Man freed after law lords quash murder verdict

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The Independent Online

A man sentenced to life imprisonment for the murder of a Bradford newspaper seller 30 years ago was freed yesterday after the House of Lords quashed his conviction.

Donald Pendleton, 56, has spent the past 15 years in prison for taking part in the killing of Bernard Clark, 39, whose body was dumped in a ditch after he was attacked and robbed of his watch in 1971.

Yesterday, the law lords ruled that the evidence he was convicted on was unsafe.

Lawyers for Mr Pendleton, including Michael Mansfield QC, who represented him at the House of Lords hearing, said the ruling could help others who had had their cases turned down by the Court of Appeal.

Mr Pendleton had been eliminated by the police from their murder inquiry in 1971 but 14 years later he was arrested and charged when another man suspected of the killing allegedly implicated him in the crime.

The law lords described Mr Pendleton as a "vulnerable man" who had been questioned by police for a number of hours without the presence of a solicitor. Lord Bingham of Cornhill, the senior law lord, said Mr Pendleton had first told police that he was not at the scene of the crime but, after further questioning, had changed his mind – although he always maintained he did not take part in the violence.

When his case came to trial, he returned to his first story, that he was nowhere near the crime scene but his lawyers advised him that, without any evidence to support an alibi, the jury would have trouble believing him and so Mr Pendleton did not have the chance to go into the witness box to justify his changed story.

Mr Pendleton had told his lawyers that he had been put under pressure and been prepared to say anything "to get the police off my back".

Mr Pendleton was found guilty of murder with another man, John Thorpe, at Leeds Crown Court in July 1986.

But Lord Bingham said yesterday that, when Mr Pendleton was examined in prison in 1998 by a "distinguished forensic psychologist", he was found to be "highly susceptible to giving in to leading questions and interrogative pressure". The psychologist had reported: "As far as the police interviews and Mr Pendleton's self-incriminating admission are concerned, I am of the view that, in 1985, Mr Pendleton was a psychologically vulnerable individual."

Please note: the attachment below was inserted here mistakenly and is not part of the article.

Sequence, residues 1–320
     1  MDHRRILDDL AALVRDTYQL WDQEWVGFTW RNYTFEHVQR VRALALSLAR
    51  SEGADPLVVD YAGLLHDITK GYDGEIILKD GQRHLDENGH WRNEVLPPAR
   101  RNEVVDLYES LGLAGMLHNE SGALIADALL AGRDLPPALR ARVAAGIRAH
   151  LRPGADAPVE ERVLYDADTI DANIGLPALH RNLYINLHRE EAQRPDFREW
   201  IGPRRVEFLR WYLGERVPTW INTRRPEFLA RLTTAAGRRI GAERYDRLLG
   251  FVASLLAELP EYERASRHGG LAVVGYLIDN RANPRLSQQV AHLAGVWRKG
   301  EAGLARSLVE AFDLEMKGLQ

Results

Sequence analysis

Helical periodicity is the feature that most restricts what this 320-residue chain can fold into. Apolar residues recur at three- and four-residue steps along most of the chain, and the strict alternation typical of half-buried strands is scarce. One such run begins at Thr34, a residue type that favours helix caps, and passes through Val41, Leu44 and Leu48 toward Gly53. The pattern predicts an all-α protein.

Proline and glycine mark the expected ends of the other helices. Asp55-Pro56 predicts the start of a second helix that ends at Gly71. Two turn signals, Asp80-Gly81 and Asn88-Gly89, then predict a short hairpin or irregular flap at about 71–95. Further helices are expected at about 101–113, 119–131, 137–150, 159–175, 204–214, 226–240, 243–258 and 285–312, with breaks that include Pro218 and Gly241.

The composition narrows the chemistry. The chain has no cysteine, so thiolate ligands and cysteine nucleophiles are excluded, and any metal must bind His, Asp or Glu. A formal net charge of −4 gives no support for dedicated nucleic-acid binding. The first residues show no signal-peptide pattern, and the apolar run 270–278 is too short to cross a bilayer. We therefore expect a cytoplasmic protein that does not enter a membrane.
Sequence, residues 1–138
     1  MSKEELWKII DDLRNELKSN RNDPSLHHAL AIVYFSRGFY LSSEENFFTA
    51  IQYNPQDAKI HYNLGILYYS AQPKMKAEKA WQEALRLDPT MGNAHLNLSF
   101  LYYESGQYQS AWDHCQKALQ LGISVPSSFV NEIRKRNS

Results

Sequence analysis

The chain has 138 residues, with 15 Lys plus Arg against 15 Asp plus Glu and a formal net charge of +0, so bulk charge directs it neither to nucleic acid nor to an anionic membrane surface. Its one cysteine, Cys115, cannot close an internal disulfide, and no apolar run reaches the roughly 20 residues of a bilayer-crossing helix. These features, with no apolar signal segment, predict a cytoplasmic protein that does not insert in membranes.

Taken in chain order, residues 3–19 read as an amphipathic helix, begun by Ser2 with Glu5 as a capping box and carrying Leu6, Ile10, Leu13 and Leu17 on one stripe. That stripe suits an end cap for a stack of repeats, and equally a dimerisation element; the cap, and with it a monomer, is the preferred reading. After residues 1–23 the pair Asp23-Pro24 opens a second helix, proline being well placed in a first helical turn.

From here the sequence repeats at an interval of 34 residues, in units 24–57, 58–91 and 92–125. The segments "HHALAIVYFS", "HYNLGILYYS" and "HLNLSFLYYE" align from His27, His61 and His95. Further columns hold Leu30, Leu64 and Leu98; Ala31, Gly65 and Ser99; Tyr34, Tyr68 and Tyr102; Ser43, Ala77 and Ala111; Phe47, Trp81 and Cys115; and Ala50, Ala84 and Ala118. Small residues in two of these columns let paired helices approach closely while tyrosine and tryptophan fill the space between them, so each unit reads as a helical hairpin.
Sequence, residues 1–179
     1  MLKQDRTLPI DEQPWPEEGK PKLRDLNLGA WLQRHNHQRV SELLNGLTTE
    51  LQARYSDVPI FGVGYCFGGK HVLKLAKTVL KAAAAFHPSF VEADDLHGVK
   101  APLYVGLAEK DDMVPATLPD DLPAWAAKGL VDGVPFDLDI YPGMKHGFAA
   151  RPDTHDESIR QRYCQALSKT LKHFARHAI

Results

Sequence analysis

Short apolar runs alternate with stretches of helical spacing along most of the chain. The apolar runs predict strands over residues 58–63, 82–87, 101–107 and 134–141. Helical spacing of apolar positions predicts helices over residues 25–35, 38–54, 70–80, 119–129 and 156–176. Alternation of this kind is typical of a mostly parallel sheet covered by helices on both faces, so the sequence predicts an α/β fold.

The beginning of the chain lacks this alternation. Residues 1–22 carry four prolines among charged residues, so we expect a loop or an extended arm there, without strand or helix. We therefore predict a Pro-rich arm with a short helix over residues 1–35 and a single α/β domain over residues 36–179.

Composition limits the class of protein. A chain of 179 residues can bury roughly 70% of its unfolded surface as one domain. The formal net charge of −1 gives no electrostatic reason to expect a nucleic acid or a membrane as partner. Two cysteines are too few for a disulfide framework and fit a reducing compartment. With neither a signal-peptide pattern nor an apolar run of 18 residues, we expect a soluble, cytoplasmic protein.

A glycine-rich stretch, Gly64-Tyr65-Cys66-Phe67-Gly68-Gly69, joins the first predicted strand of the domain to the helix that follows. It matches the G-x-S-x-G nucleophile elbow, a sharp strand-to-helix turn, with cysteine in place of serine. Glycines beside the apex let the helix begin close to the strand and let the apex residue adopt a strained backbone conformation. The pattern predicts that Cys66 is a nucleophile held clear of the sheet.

Lord Bingham said: "The Court of Appeal strayed beyond its true function of review and made findings which were not open to it in all the circumstances. Indeed, it came perilously close to considering whether the appellant, in its judgment, was guilty."

Lord Bingham said the case against Mr Pendleton was "not a strong one." In light of "uncertainties and fresh psychological evidence" in the case, it was "impossible to be sure that this conviction is safe".

After the ruling, Mr Pendleton's solicitor, James Nichol, described it as a "landmark decision" that could end the practice of the Court of Appeal putting itself in the shoes of the jury when it was asked to review a conviction.

Mr Pendleton later said he was "over the moon" as he left Garth prison in Lancashire where he served more than 15 years as a convicted murderer.

He said: "I have always protested my innocence and fought this case from day one. But, to this day, I never thought I would see the outside again. You get knocked back time and time again but I am delighted the House of Lords finally ruled in my favour."

He also thanked his legal team who had never given up fighting his case. As he was driven away from the prison, Mr Pendleton said: "I'm just looking forward to relaxing and trying to adapt to the world out here. I bet it must have changed in over 16 years."